AP Baseball Writer
KANSAS CITY, Mo. (AP) — Madison Bumgarner was limbering up at Kauffman Stadium this week, getting loose with his San Francisco teammates near the dugout, when Tim Hudson and Michael Morse sneaked up from behind and ruffled the pitcher’s long, scraggly locks.
That was way too hairy for Bumgarner. He quickly spun and playfully sparred with the mischief makers.
They were about the only ones who could touch Bumgarner in this World Series.
“Yeah, it was hopeless,” Kansas City manager Ned Yost acknowledged.
The 25-year-old Bumgarner capped off a most splendid October and earned MVP honors Wednesday night, pitching five scoreless innings of relief in Game 7 as the Giants held off the Kansas City Royals 3-2.
Moments after he retired Salvador Perez on a foul pop with a runner on third base for the final out, Bumgarner insisted he wasn’t worn down. About a half-hour later, he felt a bit differently.
“You know what? I can’t lie to you anymore,” he said. “I’m a little tired now.”
Bumgarner earned a sensational save to go along with two sparkling wins as a starter in the Series. That on top of being MVP of the NL Championship Series and pitching a record 52 2-3 innings in this postseason.
Put it this way: Bumgarner threw two shutouts in October, starting with a win at Pittsburgh in the NL wild-card game. Washington’s Jordan Zimmermann was the only other starter to reach the ninth inning this postseason, and he got pulled.
All tremendous accomplishments, but hard to tell from observing or listening to the 6-foot-5 Bumgarner. He shows virtually no emotion on the mound, blowing his nose as if no one is watching, and seems to be the only person unimpressed by what he’s done.
Funny thing, the slow-moving lefty was carrying an energy bar with him when he kidded around with Hudson and Morse before Game 6.
“He’s such a humble guy, and we rode him pretty good,” Giants manager Bruce Bochy said.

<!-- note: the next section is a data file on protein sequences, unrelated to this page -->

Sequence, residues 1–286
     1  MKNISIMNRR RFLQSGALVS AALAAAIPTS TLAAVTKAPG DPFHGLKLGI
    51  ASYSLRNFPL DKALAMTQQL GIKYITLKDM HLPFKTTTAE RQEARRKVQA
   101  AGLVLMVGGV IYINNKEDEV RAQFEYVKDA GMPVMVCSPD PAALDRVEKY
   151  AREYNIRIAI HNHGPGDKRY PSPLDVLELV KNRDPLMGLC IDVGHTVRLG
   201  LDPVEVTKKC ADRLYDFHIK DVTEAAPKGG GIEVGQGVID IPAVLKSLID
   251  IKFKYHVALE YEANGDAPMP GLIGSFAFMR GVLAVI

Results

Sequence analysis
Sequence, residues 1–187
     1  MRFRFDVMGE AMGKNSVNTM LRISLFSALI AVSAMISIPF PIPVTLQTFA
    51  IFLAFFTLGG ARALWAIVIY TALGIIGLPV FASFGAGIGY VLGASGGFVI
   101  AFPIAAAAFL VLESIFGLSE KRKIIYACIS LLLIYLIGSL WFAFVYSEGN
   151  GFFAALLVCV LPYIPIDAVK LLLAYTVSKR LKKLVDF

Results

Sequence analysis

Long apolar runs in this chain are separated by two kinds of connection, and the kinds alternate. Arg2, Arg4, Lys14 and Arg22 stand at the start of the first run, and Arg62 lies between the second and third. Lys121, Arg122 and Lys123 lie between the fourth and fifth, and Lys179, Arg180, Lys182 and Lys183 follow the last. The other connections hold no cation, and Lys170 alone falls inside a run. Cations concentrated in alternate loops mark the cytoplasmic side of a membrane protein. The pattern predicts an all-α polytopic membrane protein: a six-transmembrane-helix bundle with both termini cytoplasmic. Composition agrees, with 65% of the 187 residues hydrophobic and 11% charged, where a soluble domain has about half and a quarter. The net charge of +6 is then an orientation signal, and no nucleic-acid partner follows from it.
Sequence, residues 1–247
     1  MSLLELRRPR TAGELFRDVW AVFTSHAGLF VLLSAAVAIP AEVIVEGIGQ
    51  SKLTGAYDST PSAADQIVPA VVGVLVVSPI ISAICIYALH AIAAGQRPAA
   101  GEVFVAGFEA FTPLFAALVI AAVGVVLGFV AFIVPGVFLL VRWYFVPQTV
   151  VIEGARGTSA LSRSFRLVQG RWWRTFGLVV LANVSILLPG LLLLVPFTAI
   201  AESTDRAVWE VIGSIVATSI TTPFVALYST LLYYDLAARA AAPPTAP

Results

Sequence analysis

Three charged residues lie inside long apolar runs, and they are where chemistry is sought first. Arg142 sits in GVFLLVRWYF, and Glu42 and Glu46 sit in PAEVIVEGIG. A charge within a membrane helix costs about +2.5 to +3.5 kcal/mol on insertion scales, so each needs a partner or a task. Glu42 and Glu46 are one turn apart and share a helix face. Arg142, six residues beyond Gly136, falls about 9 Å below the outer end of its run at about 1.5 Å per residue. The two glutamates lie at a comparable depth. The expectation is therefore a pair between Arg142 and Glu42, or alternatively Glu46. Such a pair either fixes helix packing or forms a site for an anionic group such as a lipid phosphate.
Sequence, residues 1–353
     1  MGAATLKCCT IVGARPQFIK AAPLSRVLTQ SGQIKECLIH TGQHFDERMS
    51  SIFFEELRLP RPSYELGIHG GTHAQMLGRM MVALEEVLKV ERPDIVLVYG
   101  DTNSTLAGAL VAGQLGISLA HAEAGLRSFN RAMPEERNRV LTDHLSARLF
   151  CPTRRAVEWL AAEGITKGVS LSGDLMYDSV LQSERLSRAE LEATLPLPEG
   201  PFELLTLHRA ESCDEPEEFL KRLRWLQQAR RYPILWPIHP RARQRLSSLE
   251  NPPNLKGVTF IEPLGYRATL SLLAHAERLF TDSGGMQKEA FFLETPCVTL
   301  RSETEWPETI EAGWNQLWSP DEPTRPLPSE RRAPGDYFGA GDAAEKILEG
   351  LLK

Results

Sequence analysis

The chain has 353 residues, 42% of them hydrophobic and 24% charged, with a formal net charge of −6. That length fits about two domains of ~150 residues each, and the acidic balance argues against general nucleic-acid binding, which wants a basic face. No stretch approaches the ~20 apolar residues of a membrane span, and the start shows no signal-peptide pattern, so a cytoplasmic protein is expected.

“It’s historic what this kid has done,” he said. “Really, truly amazing.”
After winning the opener with seven impressive innings, Bumgarner threw a shutout in Game 5. And when the Royals forced a Game 7, there was little doubt that the guy called MadBum would be called on to pitch again on two days’ rest.
But five innings? Who would’ve believed that?
“Innings, I wasn’t thinking about innings or pitch count. I was just thinking about getting outs, getting outs until I couldn’t get them anymore and we needed someone else,” Bumgarner said. “Fortunately, was able to get some quick innings and I was able to stay in there.”
He gave up two hits, retired 14 in a row, and got 15 outs — that matched how many outs opposing starters Tim Hudson and Jeremy Guthrie combined to get.
Bumgarner boosted his World Series stats to numbers never seen before: 4-0 with a save and an 0.25 ERA, along with three championship rings. In 36 innings, he’s allowed just one run and 14 hits, striking out 31 and walking five.
Bumgarner wound up slinging 68 pitches, and finished with 270 innings this season. He went 4-1 with a 1.03 ERA in the postseason — .
Last weekend, former broadcaster and St. Louis Cardinals catcher Tim McCarver paid tribute to the Giants ace.
“It’s Gibson-esque, if you will. I know Bob could do that and I saw that from a 60-feet, 6-inch view of him every outing he threw in the World Series. I see the same thing in Bumgarner. I really admire that,” McCarver said.
Before Game 7, Jack Morris also praised Bumgarner. Morris knows well about Game 7 — always intense on the mound, he threw a 10-inning shutout in 1991 to lift Minnesota over Atlanta.
“I want to hug him,” Morris said near the backstop, a couple hours before game time. “He’s my kind of guy.”
“He’s got the same emotions, he just doesn’t show them. He’s got a big furnace burning right now,” he said.
A lot of stamina, too.
But in this era when pitch counts are so precious, Bumgarner wasn’t worried about his arm in Game 7. And if he was OK, so was Bochy.
“In fact, I was staying away from him every inning,” Bochy said, “because I was hoping he wouldn’t go, ‘I’m starting to get a little tired,’ because there’s no way I would have taken him out unless he would have told me that.”
Giants catcher Buster Posey said there wasn’t much conversation on the bench with Bochy, Bumgarner and pitching coach Dave Righetti, either.
“Not much of anything. I think everybody could see how good he was,” Posey said. “They weren’t putting great swings on him.”
No, they weren’t.
“We probably would have won if they didn’t have him,” Royals outfielder Lorenzo Cain said. “But they do have him.”
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